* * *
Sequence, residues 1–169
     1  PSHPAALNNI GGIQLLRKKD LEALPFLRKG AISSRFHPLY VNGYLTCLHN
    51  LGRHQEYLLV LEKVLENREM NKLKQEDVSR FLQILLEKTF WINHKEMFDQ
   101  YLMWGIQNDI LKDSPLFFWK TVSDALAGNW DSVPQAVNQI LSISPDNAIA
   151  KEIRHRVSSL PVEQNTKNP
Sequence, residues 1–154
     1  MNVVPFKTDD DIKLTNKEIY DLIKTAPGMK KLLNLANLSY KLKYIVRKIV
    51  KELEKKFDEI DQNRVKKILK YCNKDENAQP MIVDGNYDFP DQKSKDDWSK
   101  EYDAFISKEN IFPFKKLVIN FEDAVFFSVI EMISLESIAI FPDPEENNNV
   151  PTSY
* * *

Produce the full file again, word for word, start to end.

Sequence, residues 1–169
     1  PSHPAALNNI GGIQLLRKKD LEALPFLRKG AISSRFHPLY VNGYLTCLHN
    51  LGRHQEYLLV LEKVLENREM NKLKQEDVSR FLQILLEKTF WINHKEMFDQ
   101  YLMWGIQNDI LKDSPLFFWK TVSDALAGNW DSVPQAVNQI LSISPDNAIA
   151  KEIRHRVSSL PVEQNTKNP
Sequence, residues 1–154
     1  MNVVPFKTDD DIKLTNKEIY DLIKTAPGMK KLLNLANLSY KLKYIVRKIV
    51  KELEKKFDEI DQNRVKKILK YCNKDENAQP MIVDGNYDFP DQKSKDDWSK
   101  EYDAFISKEN IFPFKKLVIN FEDAVFFSVI EMISLESIAI FPDPEENNNV
   151  PTSY